“Hops are a wicked and pernicious weed,” once said King Henry VIII.
Of course, 15th century England was at odds over traditional (un-hopped) “ale” and new (hopped) “beer” during King Henry’s reign. Fast-forward 450 years and India Pale Ale is the #1 craft beer style, totaling $342M. This tremendous demand has surged US hop acreage up 18.5% in 2016, totaling an unprecedented 53K acres. Today, hops are a wealthy and perdurable weed, in fact.
My fondness for hop-forward beer began in 2011, during my final semester at college. I grew to love anything and everything hoppy – the more hops, the better! Not only did I exclusively drink hop-forward commercial beers, I constantly homebrewed them as well. And what’s better than brewing beer with lots of hops? Brewing beer with lots of homegrown hops!
Spring 2012 marked the inception of my hop garden. That March, I prepared a small plot of land, built a hop trellis, and planted six hop rhizomes; Cascade (x2), Centennial, Chinook, Columbus, and Hallertau. Despite requiring several years to fully mature, my tenacious hop bines grew like weeds in their first year – 20 foot tall weeds! The aggressive growth left me wondering exactly what to do with my homegrown hop harvest.
Later that year, I had the opportunity to taste Sierra Nevada’s Estate Ale, a beer brewed with organic wet hops and barley grown at the brewery in Chico, California. This earthy, citrusy, and herbal beer was unlike any IPA I had ever had – a truly life-changing experience.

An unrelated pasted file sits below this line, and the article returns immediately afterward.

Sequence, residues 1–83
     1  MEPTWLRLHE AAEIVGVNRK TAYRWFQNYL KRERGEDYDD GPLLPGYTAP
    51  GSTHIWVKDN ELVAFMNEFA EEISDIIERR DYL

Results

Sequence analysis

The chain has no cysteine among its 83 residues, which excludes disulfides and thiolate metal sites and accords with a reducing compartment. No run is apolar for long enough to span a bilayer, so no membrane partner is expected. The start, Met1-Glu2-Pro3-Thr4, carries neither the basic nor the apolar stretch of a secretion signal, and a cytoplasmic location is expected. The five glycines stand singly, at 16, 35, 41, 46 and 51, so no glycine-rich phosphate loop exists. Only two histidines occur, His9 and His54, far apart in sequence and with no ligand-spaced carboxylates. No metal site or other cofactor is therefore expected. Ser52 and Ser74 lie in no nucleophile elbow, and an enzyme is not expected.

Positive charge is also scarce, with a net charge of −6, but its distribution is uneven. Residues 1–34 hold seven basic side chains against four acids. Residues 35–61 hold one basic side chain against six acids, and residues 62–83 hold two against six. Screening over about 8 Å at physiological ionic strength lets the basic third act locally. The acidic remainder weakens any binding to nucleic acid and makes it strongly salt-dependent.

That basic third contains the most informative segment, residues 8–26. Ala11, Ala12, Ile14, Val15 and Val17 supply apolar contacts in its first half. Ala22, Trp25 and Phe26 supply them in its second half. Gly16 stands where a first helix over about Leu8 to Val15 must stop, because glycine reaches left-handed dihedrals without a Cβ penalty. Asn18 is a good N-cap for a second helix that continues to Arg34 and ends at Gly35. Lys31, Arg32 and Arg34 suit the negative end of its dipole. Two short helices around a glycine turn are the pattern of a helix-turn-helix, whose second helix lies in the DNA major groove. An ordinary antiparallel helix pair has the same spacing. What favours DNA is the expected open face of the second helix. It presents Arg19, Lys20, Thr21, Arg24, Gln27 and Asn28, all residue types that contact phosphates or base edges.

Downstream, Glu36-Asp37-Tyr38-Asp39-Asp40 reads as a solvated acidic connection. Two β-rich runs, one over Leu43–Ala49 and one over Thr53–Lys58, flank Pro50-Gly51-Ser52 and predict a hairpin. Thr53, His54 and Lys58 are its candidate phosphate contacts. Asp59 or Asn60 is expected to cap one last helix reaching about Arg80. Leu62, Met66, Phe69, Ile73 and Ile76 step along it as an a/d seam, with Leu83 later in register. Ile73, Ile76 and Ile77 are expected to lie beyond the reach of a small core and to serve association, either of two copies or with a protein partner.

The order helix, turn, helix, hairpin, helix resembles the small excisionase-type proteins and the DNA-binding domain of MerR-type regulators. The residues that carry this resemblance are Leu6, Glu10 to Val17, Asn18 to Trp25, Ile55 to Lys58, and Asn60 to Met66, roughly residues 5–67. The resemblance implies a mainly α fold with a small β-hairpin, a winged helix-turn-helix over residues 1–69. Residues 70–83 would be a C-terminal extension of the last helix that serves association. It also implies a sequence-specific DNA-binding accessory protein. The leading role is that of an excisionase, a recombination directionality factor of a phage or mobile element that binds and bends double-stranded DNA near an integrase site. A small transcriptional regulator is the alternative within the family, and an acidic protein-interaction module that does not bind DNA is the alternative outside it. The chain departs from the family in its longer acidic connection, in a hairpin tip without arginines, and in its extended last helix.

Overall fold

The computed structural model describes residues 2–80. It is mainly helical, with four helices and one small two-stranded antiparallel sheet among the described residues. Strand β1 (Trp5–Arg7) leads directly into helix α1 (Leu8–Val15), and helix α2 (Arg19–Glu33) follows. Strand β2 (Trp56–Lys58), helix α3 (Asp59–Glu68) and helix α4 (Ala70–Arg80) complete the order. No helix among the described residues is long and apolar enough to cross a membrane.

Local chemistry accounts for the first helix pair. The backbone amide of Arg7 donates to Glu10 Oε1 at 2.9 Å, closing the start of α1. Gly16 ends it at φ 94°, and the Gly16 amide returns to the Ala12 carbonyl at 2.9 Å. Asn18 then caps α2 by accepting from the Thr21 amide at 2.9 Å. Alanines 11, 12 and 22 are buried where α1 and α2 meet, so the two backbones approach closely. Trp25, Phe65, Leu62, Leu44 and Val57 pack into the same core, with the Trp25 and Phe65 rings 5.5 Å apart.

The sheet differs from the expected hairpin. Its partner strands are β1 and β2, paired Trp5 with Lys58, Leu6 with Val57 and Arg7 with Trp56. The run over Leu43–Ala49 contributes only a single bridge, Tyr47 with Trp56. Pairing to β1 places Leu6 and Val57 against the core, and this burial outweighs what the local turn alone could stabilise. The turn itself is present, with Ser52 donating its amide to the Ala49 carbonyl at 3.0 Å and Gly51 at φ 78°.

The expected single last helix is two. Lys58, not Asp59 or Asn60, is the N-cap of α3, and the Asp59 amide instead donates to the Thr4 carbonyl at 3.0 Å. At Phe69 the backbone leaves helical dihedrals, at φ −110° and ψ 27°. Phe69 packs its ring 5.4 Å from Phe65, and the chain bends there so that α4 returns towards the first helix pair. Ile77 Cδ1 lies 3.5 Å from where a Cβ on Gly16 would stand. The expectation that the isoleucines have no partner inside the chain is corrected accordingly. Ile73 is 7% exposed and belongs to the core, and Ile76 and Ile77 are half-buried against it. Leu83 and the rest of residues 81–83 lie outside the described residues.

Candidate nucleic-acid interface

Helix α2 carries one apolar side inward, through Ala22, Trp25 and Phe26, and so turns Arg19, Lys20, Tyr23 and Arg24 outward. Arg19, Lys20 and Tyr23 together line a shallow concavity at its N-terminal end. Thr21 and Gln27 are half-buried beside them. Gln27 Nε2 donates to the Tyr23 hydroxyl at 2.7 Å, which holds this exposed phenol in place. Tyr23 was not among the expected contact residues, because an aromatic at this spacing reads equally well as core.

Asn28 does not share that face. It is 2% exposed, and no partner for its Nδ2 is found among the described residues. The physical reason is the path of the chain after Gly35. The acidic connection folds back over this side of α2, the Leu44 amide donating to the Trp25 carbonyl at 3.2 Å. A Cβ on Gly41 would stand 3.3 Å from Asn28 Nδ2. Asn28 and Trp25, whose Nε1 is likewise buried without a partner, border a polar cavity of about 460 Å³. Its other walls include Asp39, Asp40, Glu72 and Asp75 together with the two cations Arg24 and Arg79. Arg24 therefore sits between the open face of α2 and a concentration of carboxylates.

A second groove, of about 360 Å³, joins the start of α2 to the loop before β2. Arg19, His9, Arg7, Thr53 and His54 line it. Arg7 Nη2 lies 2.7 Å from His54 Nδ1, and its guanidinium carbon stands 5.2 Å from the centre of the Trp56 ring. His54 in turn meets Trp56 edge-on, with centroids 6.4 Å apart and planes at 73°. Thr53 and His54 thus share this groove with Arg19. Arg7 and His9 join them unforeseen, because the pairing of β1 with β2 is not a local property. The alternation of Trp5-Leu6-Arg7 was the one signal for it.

Estate Ale inspired me to use all of my homegrown hops in an annual wet hop beer of my own, dubbed Wet Hop Harvest IPA. From 2012 – 2015, I used approximately 6.5 lbs (0.65 lb/gal) of wet hops in a malty, East Coast (not New England) IPA recipe. These green, fresh-picked, undried hops yielded off-the-chart hop aroma and oils year after year, which is something that commercial hop pellets just can’t capture.
2016, however, marks the first year of drying the homegrown hops. Instead of brewing one 10-gallon batch of Wet Hop Harvest IPA, I plan to use them throughout the year for my farmhouse beers. Homegrown hops will bring me one step closer to using 100% New England-sourced ingredients for my beers – joining foraged yeast and estate well water. The last remaining ingredient is malt, but I’ll cover that in a future post!
This year I harvested 12 lb 2 oz of homegrown Cascade, Centennial, Chinook, and Columbus hops. After drying, I vacuum sealed 3 lb 8 oz into mason jars and stashed them away in a freezer. Additionally, 8 oz were stuffed into a hop bag and stored in my dry, hot attic for aging and oxidizing to become lambic hops.
Do you grow your own hops at home? Share any tips below!